The relation between personal features, work contextual factors and innovative work behaviour: an explorative case study at Philips Research in the Netherlands

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The purpose of our case study is to contribute to the knowledge of factors that
stimulate the innovative work behaviour (IWB) of employees. The study explores the
relationships between work contextual factors (leadership, room for autonomy and
innovative external contacts), personal features (creativity and psychological
empowerment) and showing this behaviour. We interviewed 7 managers and 27
employees at four departments of Philips Research in a explorative case study from
October 2018 until December 2019. A large majority of interviewees (24) showed
one or more stages of IWB, 6 showed all 4 stages and 3, no stages. There is a
relationship between the stages shown and the purpose of the departments. All of the
theoretically formulated work contextual factors and the creative and
psychologically empowering personality features influenced IWB. Regarding
transformational leadership, we noticed that employees with IWB need a supportive
leader who facilitates the innovation process. We observed that employees with IWB
showed an optimistic nature when they had to deal with obstacles in the innovation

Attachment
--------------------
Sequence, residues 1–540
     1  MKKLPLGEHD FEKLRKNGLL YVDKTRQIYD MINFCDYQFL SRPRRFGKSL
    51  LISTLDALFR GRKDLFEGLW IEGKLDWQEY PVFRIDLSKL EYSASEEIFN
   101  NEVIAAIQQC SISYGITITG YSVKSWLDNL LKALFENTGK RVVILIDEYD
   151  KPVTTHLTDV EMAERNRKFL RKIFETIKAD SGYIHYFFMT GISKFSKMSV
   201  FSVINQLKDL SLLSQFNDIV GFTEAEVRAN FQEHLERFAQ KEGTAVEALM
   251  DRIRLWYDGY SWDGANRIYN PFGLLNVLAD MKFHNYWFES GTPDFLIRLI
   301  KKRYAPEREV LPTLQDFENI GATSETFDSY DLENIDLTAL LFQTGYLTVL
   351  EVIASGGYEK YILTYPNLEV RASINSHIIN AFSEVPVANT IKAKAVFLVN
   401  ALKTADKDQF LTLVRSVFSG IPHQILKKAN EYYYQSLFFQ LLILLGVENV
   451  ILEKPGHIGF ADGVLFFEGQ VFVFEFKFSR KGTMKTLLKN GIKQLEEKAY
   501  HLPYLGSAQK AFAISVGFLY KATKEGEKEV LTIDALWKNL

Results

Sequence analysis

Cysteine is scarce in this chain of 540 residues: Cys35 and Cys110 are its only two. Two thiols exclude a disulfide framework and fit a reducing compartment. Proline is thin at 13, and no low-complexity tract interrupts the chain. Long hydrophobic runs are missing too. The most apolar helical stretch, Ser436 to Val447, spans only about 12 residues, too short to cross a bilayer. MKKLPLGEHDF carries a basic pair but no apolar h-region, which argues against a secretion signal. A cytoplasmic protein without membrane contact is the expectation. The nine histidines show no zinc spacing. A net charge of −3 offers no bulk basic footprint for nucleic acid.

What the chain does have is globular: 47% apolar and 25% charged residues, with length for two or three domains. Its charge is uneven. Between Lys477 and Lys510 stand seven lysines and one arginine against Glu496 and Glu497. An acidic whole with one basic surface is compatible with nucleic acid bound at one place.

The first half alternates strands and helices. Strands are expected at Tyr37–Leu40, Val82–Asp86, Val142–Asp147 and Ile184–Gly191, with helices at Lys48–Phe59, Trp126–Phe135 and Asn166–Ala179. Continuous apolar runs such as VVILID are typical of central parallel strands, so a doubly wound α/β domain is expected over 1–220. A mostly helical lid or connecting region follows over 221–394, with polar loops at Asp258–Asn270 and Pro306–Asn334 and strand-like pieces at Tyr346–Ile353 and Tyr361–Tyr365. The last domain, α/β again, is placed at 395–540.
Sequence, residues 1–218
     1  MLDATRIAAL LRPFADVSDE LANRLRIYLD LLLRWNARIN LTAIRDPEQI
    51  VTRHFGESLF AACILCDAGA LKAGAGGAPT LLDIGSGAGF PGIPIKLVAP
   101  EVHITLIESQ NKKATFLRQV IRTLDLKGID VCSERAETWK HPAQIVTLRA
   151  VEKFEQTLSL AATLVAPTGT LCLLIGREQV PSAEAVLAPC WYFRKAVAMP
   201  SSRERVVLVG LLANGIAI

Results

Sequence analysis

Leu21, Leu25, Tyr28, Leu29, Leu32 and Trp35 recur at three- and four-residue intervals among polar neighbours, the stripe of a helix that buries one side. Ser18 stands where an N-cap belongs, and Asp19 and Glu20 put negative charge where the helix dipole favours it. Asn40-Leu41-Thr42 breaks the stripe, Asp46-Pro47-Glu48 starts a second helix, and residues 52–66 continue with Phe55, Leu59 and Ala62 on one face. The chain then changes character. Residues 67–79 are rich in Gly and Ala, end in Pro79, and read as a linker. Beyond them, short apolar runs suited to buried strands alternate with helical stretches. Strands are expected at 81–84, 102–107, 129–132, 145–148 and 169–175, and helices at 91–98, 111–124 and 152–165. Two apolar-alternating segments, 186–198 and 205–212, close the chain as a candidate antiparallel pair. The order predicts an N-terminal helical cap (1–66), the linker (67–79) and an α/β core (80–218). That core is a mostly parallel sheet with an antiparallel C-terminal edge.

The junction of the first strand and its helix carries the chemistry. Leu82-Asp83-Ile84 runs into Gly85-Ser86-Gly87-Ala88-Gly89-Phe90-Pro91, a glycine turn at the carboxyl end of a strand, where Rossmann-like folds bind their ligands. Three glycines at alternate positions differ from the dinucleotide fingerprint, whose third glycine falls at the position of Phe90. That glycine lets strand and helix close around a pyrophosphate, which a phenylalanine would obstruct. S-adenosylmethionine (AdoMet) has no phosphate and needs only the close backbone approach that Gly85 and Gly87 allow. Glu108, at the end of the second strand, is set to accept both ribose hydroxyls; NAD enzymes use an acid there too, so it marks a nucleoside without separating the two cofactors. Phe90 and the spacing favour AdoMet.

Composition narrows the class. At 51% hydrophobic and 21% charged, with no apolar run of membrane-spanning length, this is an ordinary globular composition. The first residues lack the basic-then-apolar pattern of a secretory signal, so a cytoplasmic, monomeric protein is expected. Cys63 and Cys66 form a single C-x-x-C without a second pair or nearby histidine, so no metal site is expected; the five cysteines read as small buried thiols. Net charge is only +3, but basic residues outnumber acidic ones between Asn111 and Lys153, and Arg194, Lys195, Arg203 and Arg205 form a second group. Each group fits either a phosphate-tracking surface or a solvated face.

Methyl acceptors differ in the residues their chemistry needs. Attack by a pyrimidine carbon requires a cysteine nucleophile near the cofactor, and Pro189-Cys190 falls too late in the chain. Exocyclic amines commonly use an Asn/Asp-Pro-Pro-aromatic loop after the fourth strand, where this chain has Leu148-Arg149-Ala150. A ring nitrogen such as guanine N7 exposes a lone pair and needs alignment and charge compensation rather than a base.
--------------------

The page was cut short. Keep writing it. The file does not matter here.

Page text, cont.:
process. Regarding external contacts, it was striking that in a research department,
which was a venture itself, a co-creation process with clients stimulated
entrepreneurial IWB and created a feedback loop between the development and
implementation phase of IWB.
The conceptual model developed as a result of our research can be used in daily
management practice in recognizing, facilitating and stimulating employees with
IWB. We showcase possibilities to structure and manage organizations to stimulate
the creation of new ideas and provide room for creativity by employees with IWB.
The personal features required for showing IWB can be used when recruiting
employees. When recruiting or coaching managers, it is important to look for or
stimulate supportive leadership. IWB has four phases: problem recognition, idea
recognition, idea promotion and idea realisation. Of the 27 employees with IWB, 6
showed all four stages, so it is necessary to be descriptive of the kind of innovation
required when formulating job requirements. We advise organisations to consider
the implementation of co-creation methods. We recommend finding other ways to
stimulate innovation than bonus systems because employees are more intrinsically
motivated by the impact and meaningfulness of their innovation than money.
Original languageEnglish
Number of pages12
Publication statusPublished - 21 Sep 2020
Event21st International CINet Conference: Practising Continuous Innovation in Digital Ecosystems - Online
Duration: 20 Sep 202022 Sep 2020


Conference21st International CINet Conference

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